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  • Terri Gilmore

Is it just me or are “background” music and effects on TV louder than the dialogue?


It’s definitely not just you – Many people can hardly make out what characters are saying over the meddling strains of so-called background noise. What’s with the racket? According to Los Angeles-based sound editor Noah Blough, background effects for shows are mixed in soundstages using top-of-the-line 5.1 Dolby surround sound. “Everything is balanced, tuned and sounds great whey they’re done with it,” says Blough. Trouble is, most folks don’t have surround-sound setups in their living rooms, so by the time the tracks make it across your airwaves, they’ve been squashed through traditional right/left “stereo” sound format, and “suddenly they don’t sound so good anymore. Plus, everyone’s TV is a little different,” says Blough. Making matters worse, there are some overzealous sound editors who’ll crank up the volume to showcase a tune or add gravitas to a moment, losing sight of the main event. “They’re so familiar with the episode – they already know what’s going on,” says Blough. “So, when they mix in the sound, they tend to forget that the audience actually needs to hear what’s going on.”


So, what is the solution?

Home Theater in a Box (HTIB) – For those who want to set up a home theater on a budget, a “home theater in a box” is a popular option. These sets cost anywhere from $200 to $2,000, and include the basic items needed to set up a home theater, such as a DVD/CD player (or sometimes a VCR) and five or six compact speakers which can be placed unobtrusively throughout the room.


The home theater in a box and is intended to be hooked up to existing equipment, such as a television, and is usually easy to assemble. It is usually much less expensive to purchase a home theater in a box than it would be to buy all the items separately.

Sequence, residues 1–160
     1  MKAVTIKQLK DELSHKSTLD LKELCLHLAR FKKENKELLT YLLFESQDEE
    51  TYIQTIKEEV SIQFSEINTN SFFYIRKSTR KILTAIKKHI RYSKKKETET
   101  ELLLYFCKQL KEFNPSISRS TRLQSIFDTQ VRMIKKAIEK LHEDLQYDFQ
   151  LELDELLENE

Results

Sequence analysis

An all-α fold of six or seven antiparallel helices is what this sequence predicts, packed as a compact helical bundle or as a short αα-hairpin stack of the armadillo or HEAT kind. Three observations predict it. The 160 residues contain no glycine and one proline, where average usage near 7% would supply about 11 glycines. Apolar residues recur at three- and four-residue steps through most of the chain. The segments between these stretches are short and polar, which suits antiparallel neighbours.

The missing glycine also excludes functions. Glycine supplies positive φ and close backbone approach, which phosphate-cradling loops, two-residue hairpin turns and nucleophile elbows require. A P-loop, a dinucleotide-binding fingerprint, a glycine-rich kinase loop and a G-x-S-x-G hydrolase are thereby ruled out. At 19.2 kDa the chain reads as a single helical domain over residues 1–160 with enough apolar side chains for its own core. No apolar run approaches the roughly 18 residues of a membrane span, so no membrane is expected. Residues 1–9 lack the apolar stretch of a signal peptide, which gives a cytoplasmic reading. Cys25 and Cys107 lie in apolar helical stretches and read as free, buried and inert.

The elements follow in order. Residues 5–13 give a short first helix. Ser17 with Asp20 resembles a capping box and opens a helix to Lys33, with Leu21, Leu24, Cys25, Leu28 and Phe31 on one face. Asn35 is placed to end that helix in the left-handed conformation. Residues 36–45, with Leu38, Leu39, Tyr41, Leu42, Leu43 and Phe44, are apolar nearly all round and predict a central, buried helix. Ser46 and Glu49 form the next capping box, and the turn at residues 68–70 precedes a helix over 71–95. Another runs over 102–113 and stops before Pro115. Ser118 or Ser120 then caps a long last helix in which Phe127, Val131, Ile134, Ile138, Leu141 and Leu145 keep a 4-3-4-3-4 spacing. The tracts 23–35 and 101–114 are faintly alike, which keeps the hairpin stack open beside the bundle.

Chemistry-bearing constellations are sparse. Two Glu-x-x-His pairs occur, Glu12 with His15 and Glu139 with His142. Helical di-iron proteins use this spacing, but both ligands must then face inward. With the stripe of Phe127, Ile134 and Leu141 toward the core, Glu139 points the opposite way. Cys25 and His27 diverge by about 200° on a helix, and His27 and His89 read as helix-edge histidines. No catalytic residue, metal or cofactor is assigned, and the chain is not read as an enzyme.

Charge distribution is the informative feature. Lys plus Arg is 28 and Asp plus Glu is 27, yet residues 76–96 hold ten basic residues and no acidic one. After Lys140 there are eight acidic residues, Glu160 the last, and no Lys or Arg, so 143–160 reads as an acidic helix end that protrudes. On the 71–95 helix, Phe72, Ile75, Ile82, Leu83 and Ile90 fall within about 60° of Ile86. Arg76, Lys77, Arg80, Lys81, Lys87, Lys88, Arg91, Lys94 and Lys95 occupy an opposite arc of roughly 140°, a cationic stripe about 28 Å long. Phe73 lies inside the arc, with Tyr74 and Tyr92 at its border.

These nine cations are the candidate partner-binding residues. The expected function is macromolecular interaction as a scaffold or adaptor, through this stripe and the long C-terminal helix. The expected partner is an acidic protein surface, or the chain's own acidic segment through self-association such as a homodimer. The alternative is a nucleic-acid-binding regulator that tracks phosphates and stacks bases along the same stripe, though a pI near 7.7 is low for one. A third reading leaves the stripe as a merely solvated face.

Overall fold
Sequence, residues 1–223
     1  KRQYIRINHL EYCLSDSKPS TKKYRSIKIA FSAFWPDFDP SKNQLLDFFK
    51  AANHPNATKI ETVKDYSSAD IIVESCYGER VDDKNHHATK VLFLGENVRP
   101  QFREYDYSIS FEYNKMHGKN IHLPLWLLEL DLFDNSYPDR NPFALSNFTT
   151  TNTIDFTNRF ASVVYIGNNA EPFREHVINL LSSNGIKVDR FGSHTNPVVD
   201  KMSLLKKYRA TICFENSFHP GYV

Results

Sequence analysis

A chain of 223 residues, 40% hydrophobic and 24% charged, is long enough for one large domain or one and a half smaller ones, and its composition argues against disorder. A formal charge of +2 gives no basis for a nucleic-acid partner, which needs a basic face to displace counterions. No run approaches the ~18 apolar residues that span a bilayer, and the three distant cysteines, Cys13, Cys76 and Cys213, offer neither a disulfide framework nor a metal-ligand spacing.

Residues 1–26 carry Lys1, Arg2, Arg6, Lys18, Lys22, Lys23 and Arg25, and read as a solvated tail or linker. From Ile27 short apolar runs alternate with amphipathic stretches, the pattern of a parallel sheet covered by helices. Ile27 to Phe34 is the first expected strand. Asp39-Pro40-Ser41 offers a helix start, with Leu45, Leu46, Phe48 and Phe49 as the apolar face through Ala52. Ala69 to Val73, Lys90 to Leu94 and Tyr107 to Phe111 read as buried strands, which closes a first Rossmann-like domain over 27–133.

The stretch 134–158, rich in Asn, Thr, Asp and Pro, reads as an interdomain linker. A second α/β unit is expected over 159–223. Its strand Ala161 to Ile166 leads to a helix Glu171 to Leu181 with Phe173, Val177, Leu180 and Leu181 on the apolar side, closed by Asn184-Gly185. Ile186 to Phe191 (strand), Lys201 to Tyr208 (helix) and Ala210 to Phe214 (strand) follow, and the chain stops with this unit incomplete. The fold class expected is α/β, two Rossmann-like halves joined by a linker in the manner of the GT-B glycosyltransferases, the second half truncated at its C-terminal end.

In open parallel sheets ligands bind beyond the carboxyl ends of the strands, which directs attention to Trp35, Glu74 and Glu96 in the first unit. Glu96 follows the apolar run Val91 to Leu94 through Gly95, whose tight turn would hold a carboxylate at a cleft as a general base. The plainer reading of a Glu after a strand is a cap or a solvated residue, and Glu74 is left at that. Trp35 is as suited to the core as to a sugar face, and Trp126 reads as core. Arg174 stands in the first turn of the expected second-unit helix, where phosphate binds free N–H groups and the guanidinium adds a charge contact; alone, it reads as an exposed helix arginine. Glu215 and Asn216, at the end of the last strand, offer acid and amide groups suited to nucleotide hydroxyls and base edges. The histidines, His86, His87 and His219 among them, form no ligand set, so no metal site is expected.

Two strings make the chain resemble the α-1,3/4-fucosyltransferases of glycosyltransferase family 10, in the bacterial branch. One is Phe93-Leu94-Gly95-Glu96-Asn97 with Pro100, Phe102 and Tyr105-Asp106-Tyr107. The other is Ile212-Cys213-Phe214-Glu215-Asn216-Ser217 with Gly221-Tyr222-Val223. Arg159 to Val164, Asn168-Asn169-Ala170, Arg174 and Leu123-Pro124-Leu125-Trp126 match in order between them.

The main disadvantage to these sets is that the speakers are usually not of the highest quality, and the equipment often does not have enough power to fill a large room with sound. However, you can always upgrade you home theater in a box with additional speakers, a satellite speaker or subwoofers.


The home theater in a box may still be the best option for people who are looking for an inexpensive, low cost way to set up a home theater.


5 Best Soundbars Under $200

https://buyersguide.org/soundbars

1. Polk Audio Signa S2 Ultra-Slim Universal TV Sound Bar with Wireless Subwoofer $169

2. VIZIO SB3821-C6 38-Inch 2.1 Channel Sound Bar with Wireless Subwoofer $159.88

3. Bose Solo 5 TV Soundbar Sound System with Universal Remote Control $199

4. VIZIO SB2821-D6 28-Inch 2.1 Channel Sound bar $129.99

5. Yamaha YAS-108 Sound Bar with Built-in Subwoofers & Bluetooth $165.21

Prices quoted from Amazon.com on 1/14/20 are subject to change

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